Better to reign in Hell, then serve in Heav'n.
The Psalmist in Psalm 84.10:
For a day in thy courts is better than a thousand. I had rather be a doorkeeper in the house of my God, than to dwell in the tents of wickedness.
Daniel Defoe, The True-Born Englishman:
WHEREVER God erects a house of prayer,
The Devil always builds a chapel there:1
And 'twill be found upon examination,
The latter has the largest congregation:
For ever since he first debauched the mind,
He made a perfect conquest of mankind.
With uniformity of service, he
Reigns with a general aristocracy.
No non-conforming sects disturb his reign,
For of his yoke there's very few complain.
He knows the genius and the inclination,
And matches proper sins for every nation.
He needs no standing-army government;
He always rules us by our own consent:
His laws are easy, and his gentle sway
Makes it exceeding pleasant to obey:
The list of his vicegerents and commanders,
Outdoes your Cæsars or your Alexanders.
They never fail of his infernal aid,
And he's as certain ne'er to be betrayed.
Through all the world they spread his vast command,
And Death's eternal empire is maintained.
They rule so politicly and so well,
As if they were Lords Justices of Hell,
Duly divided to debauch mankind,
And plant infernal dictates in his mind.
James in James 4.7:
Submit yourselves therefore to God. Resist the devil, and he will flee from you.
Percy Bysshe Shelly, Ozymandias
I met a traveller from an antique land,
Who said -- "two vast and trunkless legs of stone
Stand in the desert ... near them, on the sand,
Half sunk a shattered visage lies, whose frown,
And wrinkled lips, and sneer of cold command,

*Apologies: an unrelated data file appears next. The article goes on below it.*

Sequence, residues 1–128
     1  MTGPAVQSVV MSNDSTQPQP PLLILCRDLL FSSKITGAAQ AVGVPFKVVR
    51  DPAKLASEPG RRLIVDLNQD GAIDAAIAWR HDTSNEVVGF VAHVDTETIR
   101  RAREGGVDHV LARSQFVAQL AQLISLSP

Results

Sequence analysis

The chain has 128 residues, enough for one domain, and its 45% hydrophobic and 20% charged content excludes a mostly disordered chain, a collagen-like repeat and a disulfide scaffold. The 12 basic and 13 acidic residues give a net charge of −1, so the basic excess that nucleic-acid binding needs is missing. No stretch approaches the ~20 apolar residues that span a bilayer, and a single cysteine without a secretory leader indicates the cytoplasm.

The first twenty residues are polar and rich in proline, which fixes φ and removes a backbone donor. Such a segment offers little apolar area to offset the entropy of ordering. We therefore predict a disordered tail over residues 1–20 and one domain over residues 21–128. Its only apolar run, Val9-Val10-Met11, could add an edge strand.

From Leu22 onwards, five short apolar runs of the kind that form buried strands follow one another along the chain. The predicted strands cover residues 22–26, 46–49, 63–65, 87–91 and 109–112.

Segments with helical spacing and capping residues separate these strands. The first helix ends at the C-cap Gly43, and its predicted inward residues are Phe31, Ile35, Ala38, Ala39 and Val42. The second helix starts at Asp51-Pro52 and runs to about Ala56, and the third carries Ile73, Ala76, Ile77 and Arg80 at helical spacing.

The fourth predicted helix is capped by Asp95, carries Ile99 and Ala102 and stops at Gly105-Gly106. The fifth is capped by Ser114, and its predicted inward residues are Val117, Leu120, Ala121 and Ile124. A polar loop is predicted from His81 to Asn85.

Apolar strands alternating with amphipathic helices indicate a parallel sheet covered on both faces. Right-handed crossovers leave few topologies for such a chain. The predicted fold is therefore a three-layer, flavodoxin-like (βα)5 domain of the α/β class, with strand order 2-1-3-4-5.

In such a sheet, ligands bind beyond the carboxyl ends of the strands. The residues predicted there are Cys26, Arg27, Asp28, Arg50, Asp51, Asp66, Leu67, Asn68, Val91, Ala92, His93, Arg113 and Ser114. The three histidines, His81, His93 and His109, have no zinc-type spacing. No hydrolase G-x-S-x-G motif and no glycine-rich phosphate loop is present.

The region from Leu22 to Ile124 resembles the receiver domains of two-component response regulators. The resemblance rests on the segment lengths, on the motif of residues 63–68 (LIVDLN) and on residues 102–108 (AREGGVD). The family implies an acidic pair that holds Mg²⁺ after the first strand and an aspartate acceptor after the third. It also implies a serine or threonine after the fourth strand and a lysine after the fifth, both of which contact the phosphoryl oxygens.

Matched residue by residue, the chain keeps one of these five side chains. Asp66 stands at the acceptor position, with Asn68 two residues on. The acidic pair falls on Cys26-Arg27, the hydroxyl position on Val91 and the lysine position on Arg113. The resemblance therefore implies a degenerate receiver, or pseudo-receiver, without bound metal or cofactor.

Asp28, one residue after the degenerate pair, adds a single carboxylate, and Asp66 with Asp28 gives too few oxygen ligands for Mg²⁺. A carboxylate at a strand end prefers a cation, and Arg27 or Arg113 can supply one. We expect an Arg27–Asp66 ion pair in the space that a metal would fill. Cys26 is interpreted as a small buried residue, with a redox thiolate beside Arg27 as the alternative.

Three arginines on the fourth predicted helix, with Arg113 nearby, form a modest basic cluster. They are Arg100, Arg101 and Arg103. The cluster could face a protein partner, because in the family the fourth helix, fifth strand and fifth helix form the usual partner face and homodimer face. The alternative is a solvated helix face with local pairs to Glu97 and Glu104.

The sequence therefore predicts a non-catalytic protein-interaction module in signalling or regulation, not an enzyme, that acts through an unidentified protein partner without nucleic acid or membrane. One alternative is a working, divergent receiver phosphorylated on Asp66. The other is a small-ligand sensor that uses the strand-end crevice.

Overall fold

Tell that its sculptor well those passions read
Which yet survive, stamped on these lifeless things,
The hand that mocked them, and the heart that fed;
And on the pedestal these words appear:
My name is Ozymandias, King of Kings,
Look on my Works ye Mighty, and despair!
Nothing beside remains. Round the decay
Of that colossal Wreck, boundless and bare
The lone and level sands stretch far away." --
Jesus in Matthew 5.5:
Blessed are the meek: for they shall inherit the earth.
Man in Black in The Princess Bride:
Life is pain, Highness. Anyone who says differently is selling something.
John in Revelation 21.4:
And God shall wipe away all tears from their eyes; and there shall be no more death, neither sorrow, nor crying, neither shall there be any more pain: for the former things are passed away.
Faust and Helena in Johann Wolfgang von Goethe, Faust:
Nor past nor future now the soul employ,
The present only constitutes our joy.
Paul in Hebrews 11.24-26:
By faith Moses, when he was come to years, refused to be called the son of Pharaoh's daughter; Choosing rather to suffer affliction with the people of God, than to enjoy the pleasures of sin for a season; Esteeming the reproach of Christ greater riches than the treasures in Egypt: for he had respect unto the recompence of the reward.
William Blake, The Proverbs of Hell in The Marriage of Heaven and Hell:
The pride of the peacock is the glory of God.
Jesus in Matthew 23.11-12:
But he that is greatest among you shall be your servant. And whosoever shall exalt himself shall be abased; and he that shall humble himself shall be exalted.
Screwtape in C.S. Lewis, The Screwtape Letters, XII, p. 56:
You will say that these are very small sins; and doubtless, like all young tempters, you are anxious to to be able to report spectacular wickedness. But do remember, the only thing that matters is the extent to which you separate the man from the Enemy. It does not matter how small the sins are, provided that their cumulative effect is to edge the man away from the Light and out into the Nothing. Murder is not better than cards if cards can do the trick. Indeed, the safest road to Hell is the gradual one -- the gentle slope, soft underfoot, without sudden turnings, without milestones, without signposts.
John Ray, A Complete Collection of English Proverbs, 1670 [expanded upon an earlier saying by St. Bernard of Clairvaux]:
The road to hell is paved with good intentions.
Dante Alighieri, The Divine Comedy, III.9:
All hope abandon ye who enter here.
The Psalmist in Psalm 16.10-11:
For thou wilt not leave my soul in hell; neither wilt thou suffer thine Holy One to see corruption. Thou wilt shew me the path of life: in thy presence is fulness of joy; at thy right hand there are pleasures for evermore.